Stocks were up modestly Friday, with the Dow Jones Industrial Average erasing its 2020 losses and the S&P 500 index on track for another record close, as investors sifted through data on U.S. consumer spending and confidence a day after the Federal Reserve announced a policy shift that would allow employment and inflation run hotter than in the past.
What are major benchmarks doing?
The Dow was up 52.49 points, or 0.2%, at 28,544.76, while the S&P 500 rose 6.21 points, or 0.2%. to 3,490.76. The Nasdaq Composite advanced 60.45 points, or 0.5%, to trade at 11,685.79.
On Thursday, the Dow rose 160.35 points, or 0.6%, to close at 28,492.27. The S&P 500 ended with a gain of 5.82 points, or 0.2%, at 3,484.55, a record close. The Nasdaq , which closed at a record on Wednesday, fell 39.72 points, or 0.3%, to close at 11,625.34.
What’s driving the market?
Stocks put in a choppy performance Thursday after Federal Reserve Chairman Jerome Powell announced, in an appearance at the annual Jackson Hole monetary symposium, that the Fed was shifting to a policy of average inflation targeting which would effectively see policy makers end the practice of preemptively hiking interest rates to stave off inflation. Instead, the Fed would allow inflation to run above its 2% target to make up for periods when inflation runs below it — signaling that a long period of ultralow interest rates lies ahead.
“Markets haven’t got overexcited by the U.S. Federal Reserve’s new stance on letting inflation run higher, despite it implying that interest rates will stay lower for longer — normally something that would benefit equities. One could argue that the Fed following this path was already expected by the market, hence why stocks haven’t surged ahead,” said Russ Mould, investment director at AJ Bell.
Cleveland Federal Reserve President Loretta Mester, in a television interview Friday, said the economic recovery from the pandemic-induced recession “is likely to be a slow one.”
“There is more pain out there that we are going to have to support the economy through,” Mester said.
In Asia, Japanese shares fell sharply, leaving the Nikkei 225 Index down 1.4% after Prime Minister Shinzo Abe said he would resign due to illness. Abe, whose term ends in September 2021, is expected to remain in office until a new party leader is elected and formally approved by parliament.
Data showed U.S. personal income rose 0.4% in July, while consumer spending was up 1.9%. Economists surveyed by MarketWatch expect had expected income to fall another 0.4% after a 1.1% drop in June. Spending was expected to show a 1.6% rise after a 5.6% increase in June.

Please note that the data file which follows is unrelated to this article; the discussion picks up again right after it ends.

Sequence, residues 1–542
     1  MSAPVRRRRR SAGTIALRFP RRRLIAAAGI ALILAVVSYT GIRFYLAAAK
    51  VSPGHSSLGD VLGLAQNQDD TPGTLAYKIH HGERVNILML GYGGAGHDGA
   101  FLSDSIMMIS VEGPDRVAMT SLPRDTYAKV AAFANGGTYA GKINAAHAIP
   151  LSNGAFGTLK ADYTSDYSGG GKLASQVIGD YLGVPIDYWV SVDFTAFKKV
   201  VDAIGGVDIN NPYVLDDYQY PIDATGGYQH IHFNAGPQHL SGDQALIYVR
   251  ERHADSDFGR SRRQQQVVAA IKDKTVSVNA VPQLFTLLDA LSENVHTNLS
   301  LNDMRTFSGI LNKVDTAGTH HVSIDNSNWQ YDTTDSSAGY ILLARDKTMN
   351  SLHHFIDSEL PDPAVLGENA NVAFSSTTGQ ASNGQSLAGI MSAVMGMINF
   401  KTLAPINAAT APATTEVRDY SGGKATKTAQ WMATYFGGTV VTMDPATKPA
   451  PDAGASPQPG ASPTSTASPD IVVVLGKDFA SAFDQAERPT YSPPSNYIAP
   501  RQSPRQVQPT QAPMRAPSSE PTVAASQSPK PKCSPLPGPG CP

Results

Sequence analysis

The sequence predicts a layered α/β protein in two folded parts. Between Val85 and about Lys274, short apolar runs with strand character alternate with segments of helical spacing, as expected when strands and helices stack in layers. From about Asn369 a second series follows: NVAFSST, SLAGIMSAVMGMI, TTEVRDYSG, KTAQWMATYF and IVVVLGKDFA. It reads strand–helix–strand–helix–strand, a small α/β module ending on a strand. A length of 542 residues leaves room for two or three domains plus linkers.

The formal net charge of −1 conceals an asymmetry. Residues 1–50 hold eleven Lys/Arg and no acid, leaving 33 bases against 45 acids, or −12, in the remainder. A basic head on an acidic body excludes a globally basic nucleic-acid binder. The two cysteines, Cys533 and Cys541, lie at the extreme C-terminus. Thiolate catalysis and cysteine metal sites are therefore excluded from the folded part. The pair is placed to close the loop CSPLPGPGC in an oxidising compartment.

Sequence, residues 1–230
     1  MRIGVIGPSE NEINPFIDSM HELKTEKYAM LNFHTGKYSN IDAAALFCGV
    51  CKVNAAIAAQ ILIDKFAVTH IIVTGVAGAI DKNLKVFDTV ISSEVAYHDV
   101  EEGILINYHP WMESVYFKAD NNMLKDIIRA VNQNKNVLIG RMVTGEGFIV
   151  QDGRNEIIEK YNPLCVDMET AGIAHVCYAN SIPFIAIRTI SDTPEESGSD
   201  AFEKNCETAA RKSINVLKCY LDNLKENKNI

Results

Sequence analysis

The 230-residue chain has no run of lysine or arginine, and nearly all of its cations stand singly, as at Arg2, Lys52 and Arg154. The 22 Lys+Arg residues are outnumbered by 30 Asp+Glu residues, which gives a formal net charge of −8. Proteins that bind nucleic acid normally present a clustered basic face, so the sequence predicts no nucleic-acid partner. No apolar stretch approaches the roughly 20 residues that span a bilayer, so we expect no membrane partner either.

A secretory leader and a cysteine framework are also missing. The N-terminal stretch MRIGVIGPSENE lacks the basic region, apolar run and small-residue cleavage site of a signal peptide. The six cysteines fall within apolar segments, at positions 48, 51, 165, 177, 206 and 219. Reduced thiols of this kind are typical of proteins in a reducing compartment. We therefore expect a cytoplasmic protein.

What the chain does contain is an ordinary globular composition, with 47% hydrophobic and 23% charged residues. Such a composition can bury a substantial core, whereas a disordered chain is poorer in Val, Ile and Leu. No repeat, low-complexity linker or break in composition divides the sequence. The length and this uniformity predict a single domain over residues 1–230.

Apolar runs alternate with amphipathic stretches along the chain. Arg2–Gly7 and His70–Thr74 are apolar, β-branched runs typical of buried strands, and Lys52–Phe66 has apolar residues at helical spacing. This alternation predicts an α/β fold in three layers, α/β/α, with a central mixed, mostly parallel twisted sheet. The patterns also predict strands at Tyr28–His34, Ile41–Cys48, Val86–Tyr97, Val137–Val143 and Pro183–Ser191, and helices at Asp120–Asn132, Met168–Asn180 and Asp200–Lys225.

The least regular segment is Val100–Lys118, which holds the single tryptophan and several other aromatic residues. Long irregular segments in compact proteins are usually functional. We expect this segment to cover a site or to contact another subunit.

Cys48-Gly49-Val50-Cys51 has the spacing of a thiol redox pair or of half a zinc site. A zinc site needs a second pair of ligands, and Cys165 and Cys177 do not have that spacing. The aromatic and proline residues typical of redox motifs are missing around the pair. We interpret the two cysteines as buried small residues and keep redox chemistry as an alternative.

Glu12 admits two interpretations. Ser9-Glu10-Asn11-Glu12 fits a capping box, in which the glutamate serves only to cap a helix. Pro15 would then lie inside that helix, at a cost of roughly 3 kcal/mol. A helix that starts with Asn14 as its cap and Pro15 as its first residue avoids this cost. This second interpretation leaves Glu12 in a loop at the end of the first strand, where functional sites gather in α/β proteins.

Spending on durable goods is up 12.2%, while spending on services is down 9.3% for a net shortfall of 4.6% in total consumer demand, said Aneta Markowska, chief financial economist at Jefferies, adding that the variation in spending patterns explains “part of the disconnect between the stock market and the economy, since the former has much less exposure to the service sector than the latter.”
The final reading of the University of Michigan’s August consumer sentiment index came in at 74.1 versus a preliminary reading of 72.8 and up from 72.5 in July.
Which companies are in focus?
- Coca-Cola Co. on Friday announced a reorganization and said it would offer voluntary job cuts to 4,000 workers in the U.S., Canada and Puerto Rico. Shares were up 1%.
- Shares of HP Inc. were up 6% after reporting fiscal third-quarter sales that exceeded Wall Street estimates by $1 billion, boosted by a pandemic-inspired jump in personal-computer sales.
- Dell Technologies Inc. shares were up more than 4% after it topped profit estimates.
- Shares of Workday Inc. soared more than 11% after topping earnings forecasts, boosting guidance and announcing a new co-CEO.
- Okta Inc. shares were off 2.4% after the identity-management services company topped Wall Street estimates on its quarter and outlook.
- Moderna Inc. shares were up 0.2% after the company said it’s in talks with the Ministry of Health, Labor and Welfare of Japan to potentially sell 40 million or more doses of mRNA-127, its COVID-19 vaccine.
What are other markets doing?
The Shanghai Composite rose 1.6% and the Hong Kong’s Hang Seng Index gained 0.6%.
The Stoxx Europe 600 was off 0.6%, while U.K.’s FTSE 100 benchmark declined 0.4%.
The yield on the 10-year Treasury note was down 2.9 basis points at 0.718%. Bond prices move inversely to yields.
Gold futures were up 1.6% at $1,962.70 an ounce. U.S. oil futures fell 0.7% to $42.76 a barrel.
The ICE U.S. Dollar Index, which tracks the currency versus a basket of six major rivals, slumped 0.6%.